Graeme Massie4 October 2021 23:48
Facebook and its apps appear to be coming back online after a huge outage
Facebook and its apps appear to be coming back online after its hugeMonday outage.
Instagram, WhatsApp, Messenger and the main Facebook app had all been offline for more than five hours in one of the biggest technical failures in the company’s history.
Andrew Griffin has the story.
Graeme Massie4 October 2021 23:14
Gmail, TikTok and Snapchat users complain apps are slowing down amid Facebook going down
Gmail, TikTok and Snapchat users have complained that the apps are slowing down amid the continued outage of Facebook companies.
Facebook, WhatsApp and Instagram all stopped working at the same time of Monday, forcing their 3bn users to flood across to other social media platforms.
And many of those apps then themselves saw significant slowdowns as they dealt with mass sign-ups and log-ins as Facebook remained unavailable.
Graeme Massie4 October 2021 22:47
As outage continues into fifth hour, Facebook tries to restart
There are rumours whipping around the internet that, among other things, Facebook has been “deleted”, that it has been “hacked”, that is has “gone”. The truth appears to be a little less dramatic – though still plenty dramatic.
Essentially, Facebook has deleted its DNS, or the address book that helps people find its websites. When someone types “Facebook.com” into a web browser, the DNS should be able to provide it with the numerical address to get the data that represents the website. But that DNS is broken, so the web browser gets lost, and you get an error message. (The same thing happens, effectively, with the app, although not in such an obvious way.)
That’s so widespread because Facebook controls its DNS. And Facebook does that on behalf of all the services it owns: WhatsApp, Instagram, Messenger, Workplace, Oculus, and more besides. So everything has broken, all at once.
What’s more, Facebook also heavily relies on its own systems internally. So, for example, the fact the DNS isn’t working means that those engineers who should be able to fix it also can’t access it. That’s why staffers are now reportedly being sent to actual physical data centres to try and make things work again. And that’s where we are now.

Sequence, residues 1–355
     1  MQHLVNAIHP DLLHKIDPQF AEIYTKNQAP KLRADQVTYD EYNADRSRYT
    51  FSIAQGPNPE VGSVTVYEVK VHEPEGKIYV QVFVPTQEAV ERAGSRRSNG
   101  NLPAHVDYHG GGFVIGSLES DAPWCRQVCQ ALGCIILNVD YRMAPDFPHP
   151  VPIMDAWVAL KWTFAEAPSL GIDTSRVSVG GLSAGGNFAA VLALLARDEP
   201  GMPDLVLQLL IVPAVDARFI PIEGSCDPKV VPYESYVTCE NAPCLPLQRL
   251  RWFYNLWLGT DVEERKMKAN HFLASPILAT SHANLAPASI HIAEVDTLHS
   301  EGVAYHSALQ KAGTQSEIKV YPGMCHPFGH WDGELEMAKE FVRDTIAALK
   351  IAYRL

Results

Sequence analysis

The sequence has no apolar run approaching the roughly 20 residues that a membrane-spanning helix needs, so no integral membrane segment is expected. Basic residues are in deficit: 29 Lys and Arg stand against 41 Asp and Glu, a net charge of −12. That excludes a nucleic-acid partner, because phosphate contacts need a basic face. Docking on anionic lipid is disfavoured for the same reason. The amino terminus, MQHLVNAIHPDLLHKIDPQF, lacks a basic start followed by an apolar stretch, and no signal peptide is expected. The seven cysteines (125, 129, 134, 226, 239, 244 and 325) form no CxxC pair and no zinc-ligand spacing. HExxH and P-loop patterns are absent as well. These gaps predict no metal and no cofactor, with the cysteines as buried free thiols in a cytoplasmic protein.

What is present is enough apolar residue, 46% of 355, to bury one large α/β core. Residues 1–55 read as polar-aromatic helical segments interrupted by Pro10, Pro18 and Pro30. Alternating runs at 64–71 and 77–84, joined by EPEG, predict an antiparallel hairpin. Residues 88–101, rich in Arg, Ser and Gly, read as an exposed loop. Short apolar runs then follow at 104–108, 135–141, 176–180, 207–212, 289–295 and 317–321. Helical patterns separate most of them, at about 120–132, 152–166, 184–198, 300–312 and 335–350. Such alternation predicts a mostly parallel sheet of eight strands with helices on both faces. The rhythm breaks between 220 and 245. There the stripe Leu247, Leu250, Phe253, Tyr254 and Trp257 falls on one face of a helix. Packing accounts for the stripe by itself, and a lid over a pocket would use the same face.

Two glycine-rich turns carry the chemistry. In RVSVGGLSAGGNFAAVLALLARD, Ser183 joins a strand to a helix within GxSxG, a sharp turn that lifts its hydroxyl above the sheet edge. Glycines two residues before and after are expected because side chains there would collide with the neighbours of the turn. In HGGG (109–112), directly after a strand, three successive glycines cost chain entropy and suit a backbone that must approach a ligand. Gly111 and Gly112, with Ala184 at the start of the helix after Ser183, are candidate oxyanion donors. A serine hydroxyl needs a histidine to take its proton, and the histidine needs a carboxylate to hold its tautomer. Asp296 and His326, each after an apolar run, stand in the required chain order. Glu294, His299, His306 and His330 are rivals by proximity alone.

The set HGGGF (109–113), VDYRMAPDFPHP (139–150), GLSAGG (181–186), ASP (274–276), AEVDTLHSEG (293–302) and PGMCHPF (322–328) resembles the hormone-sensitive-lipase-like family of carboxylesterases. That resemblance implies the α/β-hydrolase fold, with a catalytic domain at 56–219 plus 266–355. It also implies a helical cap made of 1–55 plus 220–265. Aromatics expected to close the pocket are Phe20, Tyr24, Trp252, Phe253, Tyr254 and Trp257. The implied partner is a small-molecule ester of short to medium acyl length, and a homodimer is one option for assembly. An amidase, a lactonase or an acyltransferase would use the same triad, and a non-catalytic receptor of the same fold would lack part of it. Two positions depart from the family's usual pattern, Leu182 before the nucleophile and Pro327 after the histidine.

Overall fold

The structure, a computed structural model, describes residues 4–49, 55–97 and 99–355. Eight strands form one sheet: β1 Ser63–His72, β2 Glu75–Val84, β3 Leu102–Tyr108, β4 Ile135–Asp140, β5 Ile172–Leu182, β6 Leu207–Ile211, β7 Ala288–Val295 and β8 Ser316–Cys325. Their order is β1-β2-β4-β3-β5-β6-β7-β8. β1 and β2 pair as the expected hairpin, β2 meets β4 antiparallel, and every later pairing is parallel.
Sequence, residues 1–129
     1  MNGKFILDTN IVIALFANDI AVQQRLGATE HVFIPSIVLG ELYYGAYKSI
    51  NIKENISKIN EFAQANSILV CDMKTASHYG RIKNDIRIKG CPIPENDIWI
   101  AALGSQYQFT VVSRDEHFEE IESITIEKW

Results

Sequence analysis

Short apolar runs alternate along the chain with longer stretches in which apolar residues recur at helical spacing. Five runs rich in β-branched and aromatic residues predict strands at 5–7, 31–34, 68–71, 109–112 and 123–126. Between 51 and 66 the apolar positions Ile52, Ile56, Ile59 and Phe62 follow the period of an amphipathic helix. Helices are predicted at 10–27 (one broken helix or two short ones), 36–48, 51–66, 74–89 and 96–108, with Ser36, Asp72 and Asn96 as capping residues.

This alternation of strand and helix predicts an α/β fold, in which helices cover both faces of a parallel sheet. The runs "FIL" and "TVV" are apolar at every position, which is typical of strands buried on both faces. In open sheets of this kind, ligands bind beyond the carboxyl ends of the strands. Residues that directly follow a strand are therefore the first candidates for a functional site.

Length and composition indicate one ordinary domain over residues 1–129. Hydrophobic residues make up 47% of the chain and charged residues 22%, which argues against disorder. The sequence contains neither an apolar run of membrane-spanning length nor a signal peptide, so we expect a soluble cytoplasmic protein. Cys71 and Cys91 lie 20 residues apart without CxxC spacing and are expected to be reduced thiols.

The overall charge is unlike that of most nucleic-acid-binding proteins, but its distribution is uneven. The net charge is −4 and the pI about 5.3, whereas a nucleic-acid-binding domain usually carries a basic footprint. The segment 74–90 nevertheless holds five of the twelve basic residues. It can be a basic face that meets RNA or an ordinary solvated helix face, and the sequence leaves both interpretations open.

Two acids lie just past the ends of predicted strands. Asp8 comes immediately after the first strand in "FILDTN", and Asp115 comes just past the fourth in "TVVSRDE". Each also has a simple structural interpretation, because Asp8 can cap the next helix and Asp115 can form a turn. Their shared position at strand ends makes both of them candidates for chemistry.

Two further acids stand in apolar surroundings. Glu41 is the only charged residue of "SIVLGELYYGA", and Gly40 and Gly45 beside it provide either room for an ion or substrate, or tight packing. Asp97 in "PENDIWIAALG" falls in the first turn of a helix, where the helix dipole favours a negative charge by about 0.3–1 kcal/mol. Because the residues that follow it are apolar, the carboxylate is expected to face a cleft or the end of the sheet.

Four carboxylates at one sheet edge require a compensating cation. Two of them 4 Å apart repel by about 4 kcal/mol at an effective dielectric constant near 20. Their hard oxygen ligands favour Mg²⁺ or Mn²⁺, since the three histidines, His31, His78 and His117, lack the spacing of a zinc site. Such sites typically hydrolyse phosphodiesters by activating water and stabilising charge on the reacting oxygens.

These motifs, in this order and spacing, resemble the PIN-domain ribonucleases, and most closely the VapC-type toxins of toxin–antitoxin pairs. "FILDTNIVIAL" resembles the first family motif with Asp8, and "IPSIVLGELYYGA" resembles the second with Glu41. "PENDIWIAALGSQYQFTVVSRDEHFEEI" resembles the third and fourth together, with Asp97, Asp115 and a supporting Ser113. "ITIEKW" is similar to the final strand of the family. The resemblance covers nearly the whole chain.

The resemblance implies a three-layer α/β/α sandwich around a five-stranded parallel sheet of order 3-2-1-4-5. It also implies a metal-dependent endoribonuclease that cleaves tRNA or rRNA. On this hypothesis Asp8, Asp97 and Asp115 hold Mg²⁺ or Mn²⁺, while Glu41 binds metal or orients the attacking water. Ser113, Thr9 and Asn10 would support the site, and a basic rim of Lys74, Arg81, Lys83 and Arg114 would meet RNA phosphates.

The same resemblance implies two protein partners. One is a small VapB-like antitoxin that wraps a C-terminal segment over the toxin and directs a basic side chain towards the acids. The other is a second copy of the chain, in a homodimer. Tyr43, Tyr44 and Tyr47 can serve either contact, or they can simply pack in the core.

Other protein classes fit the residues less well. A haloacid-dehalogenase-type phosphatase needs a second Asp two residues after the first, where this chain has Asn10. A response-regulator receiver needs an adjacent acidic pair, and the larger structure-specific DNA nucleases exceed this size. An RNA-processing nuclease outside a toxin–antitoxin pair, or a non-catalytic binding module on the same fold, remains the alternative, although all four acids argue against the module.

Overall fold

To borrow an analogy from earlier, it is as if we (or our web browsers) have turned up at the Facebook office in the hope of getting into one of its many rooms. But the receptionist who usually keeps the record of which room is which is gone – they’ve been deleted – and so you’re stuck outside with no idea where to go.
Inside those rooms are not only Facebook but every Facebook property, which together makes up much of the internet. And all the people who would normally be able to hire a new receptionist can’t find their way around the building, too. We’re all stuck outside, looking in, even those people who would normally be on the inside.
It’s now been five hours since Facebook lost its receptionist. And there’s no sense when they’ll return.
Andrew Griffin4 October 2021 22:21
Twitter slows down
Everything is having a bit of trouble, presumably as many more people than usual switch to it to make up for lack of Facebook. Like Telegram, Twitter is struggling.
Andrew Griffin4 October 2021 21:44
Telegram slows down
As Messenger, WhatsApp and other Facebook chat services break, some people have turned to Telegram. So many people, in fact, that it seems to be struggling – while it’s still working, it’s doing so much more slowly than usual.
Andrew Griffin4 October 2021 21:20